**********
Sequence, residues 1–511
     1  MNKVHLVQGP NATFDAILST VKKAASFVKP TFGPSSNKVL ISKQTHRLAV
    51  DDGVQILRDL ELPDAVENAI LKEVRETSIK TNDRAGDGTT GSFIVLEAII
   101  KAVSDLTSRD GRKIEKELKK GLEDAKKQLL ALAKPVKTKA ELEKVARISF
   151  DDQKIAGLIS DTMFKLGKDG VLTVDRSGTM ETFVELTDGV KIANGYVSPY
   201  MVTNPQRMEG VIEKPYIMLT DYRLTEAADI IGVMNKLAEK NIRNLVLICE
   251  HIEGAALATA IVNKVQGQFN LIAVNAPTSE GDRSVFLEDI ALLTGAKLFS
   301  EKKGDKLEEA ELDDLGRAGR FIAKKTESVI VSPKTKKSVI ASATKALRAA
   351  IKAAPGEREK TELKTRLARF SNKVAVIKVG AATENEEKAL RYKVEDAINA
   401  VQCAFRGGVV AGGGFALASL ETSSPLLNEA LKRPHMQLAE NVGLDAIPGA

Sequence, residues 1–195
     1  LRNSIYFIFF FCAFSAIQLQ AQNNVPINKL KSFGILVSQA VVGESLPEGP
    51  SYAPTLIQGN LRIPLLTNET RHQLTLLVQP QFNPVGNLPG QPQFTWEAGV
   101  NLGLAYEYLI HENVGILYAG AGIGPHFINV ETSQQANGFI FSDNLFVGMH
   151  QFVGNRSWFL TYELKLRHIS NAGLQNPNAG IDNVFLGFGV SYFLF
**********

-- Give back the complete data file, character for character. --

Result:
Sequence, residues 1–511
     1  MNKVHLVQGP NATFDAILST VKKAASFVKP TFGPSSNKVL ISKQTHRLAV
    51  DDGVQILRDL ELPDAVENAI LKEVRETSIK TNDRAGDGTT GSFIVLEAII
   101  KAVSDLTSRD GRKIEKELKK GLEDAKKQLL ALAKPVKTKA ELEKVARISF
   151  DDQKIAGLIS DTMFKLGKDG VLTVDRSGTM ETFVELTDGV KIANGYVSPY
   201  MVTNPQRMEG VIEKPYIMLT DYRLTEAADI IGVMNKLAEK NIRNLVLICE
   251  HIEGAALATA IVNKVQGQFN LIAVNAPTSE GDRSVFLEDI ALLTGAKLFS
   301  EKKGDKLEEA ELDDLGRAGR FIAKKTESVI VSPKTKKSVI ASATKALRAA
   351  IKAAPGEREK TELKTRLARF SNKVAVIKVG AATENEEKAL RYKVEDAINA
   401  VQCAFRGGVV AGGGFALASL ETSSPLLNEA LKRPHMQLAE NVGLDAIPGA

Sequence, residues 1–195
     1  LRNSIYFIFF FCAFSAIQLQ AQNNVPINKL KSFGILVSQA VVGESLPEGP
    51  SYAPTLIQGN LRIPLLTNET RHQLTLLVQP QFNPVGNLPG QPQFTWEAGV
   101  NLGLAYEYLI HENVGILYAG AGIGPHFINV ETSQQANGFI FSDNLFVGMH
   151  QFVGNRSWFL TYELKLRHIS NAGLQNPNAG IDNVFLGFGV SYFLF